Harold"-His Oriental tales-Literature of the last century-Story of
Byron's marriage-Noctes Ambrosianæ Contrast between the "Corsair"
and the "Prisoner of Chillon"-"The Dream"-Materialism in his Poetry
-Manfred-Venice-The Dying Gladiator-Strains for liberty-Beauty of
womanly humanity-"Sardanapalus"-Byron's selfishness-His infidelity.
Difficulties in the way of a proper appreciation of contemporary genius-Can-
dour rare in criticism-Controversy in regard to Wordsworth's school of
Poetry-Comparative criticism between the Poetry of Wordsworth and Byron
--Correspondence of Wordsworth's life with the spirit of true Poetry-Con-
tinuity of his moral life-Recollections of his childhood-His love of nature
and of man-His sympathy with the French Revolution-His seclusion-
Communion with his brother-poets-Aim of his career of authorship-Lines
composed in the neighbourhood of Tintern Abbey-"The Excursion".
"Sonnet on Westminster Bridge"-"Lines on the Death of Mr. Fox".
"Tribute to a favourite Dog' "Simon Lee"-"Story of the Deserted
Cottage"-His political poems-Conclusion
OBJECT OF THE COURSE-POETRY THE EMINENCE OF LITERATURE-THE HISTORY OF LITERATURE ILLUSTRATED BY GENERAL HISTORY AND BIOGRAPHY-THE LIVES OF SPENSER AND MILTON-A CATHOLIC TASTE IN POETRY-VARIETY OF POETRY-INTOLERANCE OF LITERARY JUDGMENT-RYMER AND VOLTAIRE ON SHAKSPEARE-JOHNSON ON MILTON-JEFFREY ON WORDSWORTH-QUALIFICATIONS OF AN ENLIGHTENED CRITIC-UTILITARIAN CRITICISM-THE TRUE USE OF POETRY-ITS DEPRECIATION AND ABUSE-ALBUMS AND SCRAP-BOOKS-BEN JONSON'S PANEGYRIC ON HIS ART-WORDSWORTH-OBJECT OF THESE LECTURES NOT TO ENCOURAGE POETICAL COMPOSITION-SYDNEY'S DEFENCECONNECTION OF POETRY AND SCIENCE-THE SPIRIT OF OUR TIMES-MATERIALISM AND INFIDELITY-INFLUENCE ON IMAGINATIVE POWER-VINDICATION OF POETRY.
THE course of Lectures I am about attempting is the first of a contemplated series upon English Poetry, undertaken as well from an uncalculating impulse, as from a conviction that, in our systems of education, it is a department more than any neglected. The treasures of the English tongue are sacrificed to the attainment of those which are more recondite in the dead or foreign languages. As, year after year, I have wandered through the forsaken region (if I may be indulged in so far speaking of myself) and contemplated the mighty achievements of our English mind, a glowing admiration has kindled, higher and higher, the hope that it might not be beyond my strength to be the humble guide of others to the same unfailing springs of intellectual happiness.
The portion of literature to be treated of is that which may garded as its eminence,-its Poetry. I have ventured to speak of it as the noblest portion of our noble literature; and, if I shall succeed in awakening a thoughtful admiration of that which has been given to the world by the souls of mighty poets finding utterance in the music of English words, that opinion will not be condemned for its extravagance. It is a large field to travel over; and, therefore, among the introduc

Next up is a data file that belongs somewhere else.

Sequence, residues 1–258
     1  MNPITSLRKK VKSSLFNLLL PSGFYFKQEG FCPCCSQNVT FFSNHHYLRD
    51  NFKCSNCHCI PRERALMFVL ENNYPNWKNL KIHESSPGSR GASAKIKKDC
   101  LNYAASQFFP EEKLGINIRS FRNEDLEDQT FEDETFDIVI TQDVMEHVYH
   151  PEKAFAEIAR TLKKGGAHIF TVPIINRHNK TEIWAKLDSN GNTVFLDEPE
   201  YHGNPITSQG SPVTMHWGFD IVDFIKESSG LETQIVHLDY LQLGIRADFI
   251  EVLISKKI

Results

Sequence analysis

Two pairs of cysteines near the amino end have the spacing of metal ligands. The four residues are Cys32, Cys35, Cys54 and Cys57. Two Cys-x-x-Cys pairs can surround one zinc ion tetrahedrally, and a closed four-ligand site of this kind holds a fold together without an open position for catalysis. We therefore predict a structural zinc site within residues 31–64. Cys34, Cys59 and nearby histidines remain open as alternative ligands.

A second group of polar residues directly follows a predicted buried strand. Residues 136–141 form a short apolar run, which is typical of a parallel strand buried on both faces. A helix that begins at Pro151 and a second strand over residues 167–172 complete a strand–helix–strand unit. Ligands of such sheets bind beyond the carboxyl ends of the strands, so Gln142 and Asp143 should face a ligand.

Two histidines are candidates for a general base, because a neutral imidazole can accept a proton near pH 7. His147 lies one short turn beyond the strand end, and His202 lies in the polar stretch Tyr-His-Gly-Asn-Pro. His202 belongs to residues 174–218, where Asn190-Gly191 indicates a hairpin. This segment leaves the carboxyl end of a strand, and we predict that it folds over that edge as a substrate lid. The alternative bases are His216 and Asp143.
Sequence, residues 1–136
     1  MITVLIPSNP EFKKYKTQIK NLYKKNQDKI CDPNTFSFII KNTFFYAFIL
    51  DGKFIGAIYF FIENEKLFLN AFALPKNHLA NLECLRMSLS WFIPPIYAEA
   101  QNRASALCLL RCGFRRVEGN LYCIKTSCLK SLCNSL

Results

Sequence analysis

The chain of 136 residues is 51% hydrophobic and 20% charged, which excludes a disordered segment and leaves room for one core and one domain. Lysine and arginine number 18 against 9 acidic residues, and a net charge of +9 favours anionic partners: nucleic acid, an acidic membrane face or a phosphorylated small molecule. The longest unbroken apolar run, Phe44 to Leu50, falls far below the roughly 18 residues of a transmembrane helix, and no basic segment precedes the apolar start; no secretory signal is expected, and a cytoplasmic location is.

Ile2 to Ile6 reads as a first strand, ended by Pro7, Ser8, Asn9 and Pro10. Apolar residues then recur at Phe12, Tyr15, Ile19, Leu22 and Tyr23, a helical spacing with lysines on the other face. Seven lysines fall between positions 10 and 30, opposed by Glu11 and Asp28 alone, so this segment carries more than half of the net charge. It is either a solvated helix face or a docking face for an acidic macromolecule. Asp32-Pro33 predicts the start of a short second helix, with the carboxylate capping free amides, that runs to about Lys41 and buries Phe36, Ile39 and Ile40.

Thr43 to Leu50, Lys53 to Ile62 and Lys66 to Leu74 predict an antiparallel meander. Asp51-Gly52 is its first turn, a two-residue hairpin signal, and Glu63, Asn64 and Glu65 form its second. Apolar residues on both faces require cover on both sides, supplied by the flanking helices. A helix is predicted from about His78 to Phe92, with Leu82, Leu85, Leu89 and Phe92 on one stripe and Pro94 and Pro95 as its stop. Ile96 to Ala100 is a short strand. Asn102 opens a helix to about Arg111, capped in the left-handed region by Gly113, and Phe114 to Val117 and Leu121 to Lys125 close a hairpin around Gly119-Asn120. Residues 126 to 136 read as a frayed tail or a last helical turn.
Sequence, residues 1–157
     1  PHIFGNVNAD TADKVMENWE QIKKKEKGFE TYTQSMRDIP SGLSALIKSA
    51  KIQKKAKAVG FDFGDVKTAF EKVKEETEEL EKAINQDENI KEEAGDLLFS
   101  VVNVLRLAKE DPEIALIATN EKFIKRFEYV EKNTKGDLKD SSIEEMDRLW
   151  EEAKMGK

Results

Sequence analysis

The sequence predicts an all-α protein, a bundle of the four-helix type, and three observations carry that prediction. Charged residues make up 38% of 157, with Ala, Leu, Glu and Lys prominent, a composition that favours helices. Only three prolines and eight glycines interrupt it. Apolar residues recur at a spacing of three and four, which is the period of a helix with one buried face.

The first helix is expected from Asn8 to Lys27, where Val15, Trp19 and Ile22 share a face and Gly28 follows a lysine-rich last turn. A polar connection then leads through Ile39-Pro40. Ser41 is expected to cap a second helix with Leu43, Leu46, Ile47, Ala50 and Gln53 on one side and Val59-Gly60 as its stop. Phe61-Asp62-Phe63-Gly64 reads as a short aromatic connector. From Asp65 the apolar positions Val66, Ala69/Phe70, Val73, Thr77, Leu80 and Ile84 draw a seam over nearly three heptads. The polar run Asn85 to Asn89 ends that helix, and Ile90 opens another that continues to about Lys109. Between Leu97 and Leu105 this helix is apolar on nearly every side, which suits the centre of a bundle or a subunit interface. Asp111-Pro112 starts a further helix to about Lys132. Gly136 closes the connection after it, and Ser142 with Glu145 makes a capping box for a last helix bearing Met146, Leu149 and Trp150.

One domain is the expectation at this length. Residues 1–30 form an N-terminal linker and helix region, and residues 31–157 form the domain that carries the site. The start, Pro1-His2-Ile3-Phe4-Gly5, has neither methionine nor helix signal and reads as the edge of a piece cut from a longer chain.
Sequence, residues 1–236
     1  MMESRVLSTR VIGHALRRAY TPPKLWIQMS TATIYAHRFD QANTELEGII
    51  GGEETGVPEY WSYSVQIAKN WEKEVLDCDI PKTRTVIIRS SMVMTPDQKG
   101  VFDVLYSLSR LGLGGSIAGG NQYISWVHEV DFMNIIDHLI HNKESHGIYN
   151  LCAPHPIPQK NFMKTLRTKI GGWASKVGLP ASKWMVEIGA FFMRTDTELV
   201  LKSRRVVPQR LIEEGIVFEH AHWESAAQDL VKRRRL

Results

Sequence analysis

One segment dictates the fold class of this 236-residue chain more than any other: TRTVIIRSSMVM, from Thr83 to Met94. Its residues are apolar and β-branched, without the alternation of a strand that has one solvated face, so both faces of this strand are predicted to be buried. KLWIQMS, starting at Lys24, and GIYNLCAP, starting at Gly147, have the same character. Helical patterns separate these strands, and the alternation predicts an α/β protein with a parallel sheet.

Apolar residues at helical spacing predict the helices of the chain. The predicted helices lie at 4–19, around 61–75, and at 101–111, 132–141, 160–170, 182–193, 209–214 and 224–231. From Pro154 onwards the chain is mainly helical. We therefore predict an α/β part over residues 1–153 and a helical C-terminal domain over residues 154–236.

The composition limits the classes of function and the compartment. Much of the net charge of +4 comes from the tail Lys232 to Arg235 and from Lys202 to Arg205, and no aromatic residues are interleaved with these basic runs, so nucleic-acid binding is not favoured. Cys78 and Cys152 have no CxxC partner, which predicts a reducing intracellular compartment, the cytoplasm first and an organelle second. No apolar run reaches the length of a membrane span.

•tory topics at present to be noticed, it is necessary to advert to the general plan, which will, however, more satisfactorily appear when practically illustrated in the succeeding lectures. It will be my aim to convey such information on the history of English poetry as the circumstances under which we meet will allow. To penetrate the obscurity of an early age, and thence to trace the progress of poetry from its rude beginnings down to modern years,-to show it in its successive eras,—to discover the connection between the poetry and the spirit of the age acting and reacting on each other,-to see how at one time the muse has soared and at another crept,— -are topics which the idea of these lectures comprehends, how far soever the execution may fall short of it. And here let me beg your reflection on the remark that there are few higher functions of criticism than to reveal the connection between illustrious literary production and the contemporaneous state of opinion and feeling, and to show especially the poet's inspirations in their relation to dominant thoughts and passions. For it is not to be questioned that, in God's providence over the destinies of the human race, men are called into being with powers to cheer or rebuke the spirit of their times with voices prophetic of weal or woe. This consideration with regard to literary history will, therefore, involve, to a certain extent, allusion to what is usually and eminently entitled history; I mean the narrative of national events. Further than this, comprehensive criticism embraces considerations of a biographical character; for, in studying the works of genius, it is a matter of no slight interest to examine the gradual structure, or rather growth, of the individual powers that have produced them. I should, for instance, deem that but an imperfect comment on the Faery Queen which took no heed of the age in which its author lived,- -a time animated by a high, adventurous spirit, when the sentiment of chivalry was still for a season outliving its institutions and usages, and which the poet sought imaginatively to perpetuate in his matchless allegory. It would also be a faulty negligence to turn away from the personal history which portrays Spenser embodying his high imaginings while dwelling in a barbarous island, and, at length, heart-stricken with neglect and domestic sorrow. It comes within the range of an enlarged criticism to tell of the young instincts ard presages of Milton's genius, such as break forth in the exquisite inspiration of Comus, and thence to trace his sombre-coloured life till, after having consorted with the stern Republicans, defending their sternest deed, and eulogizing their mightiest chieftain, he retired, in danger and the darkness of a hopeless blindness, to build up the immortal epic of the Paradise Lost.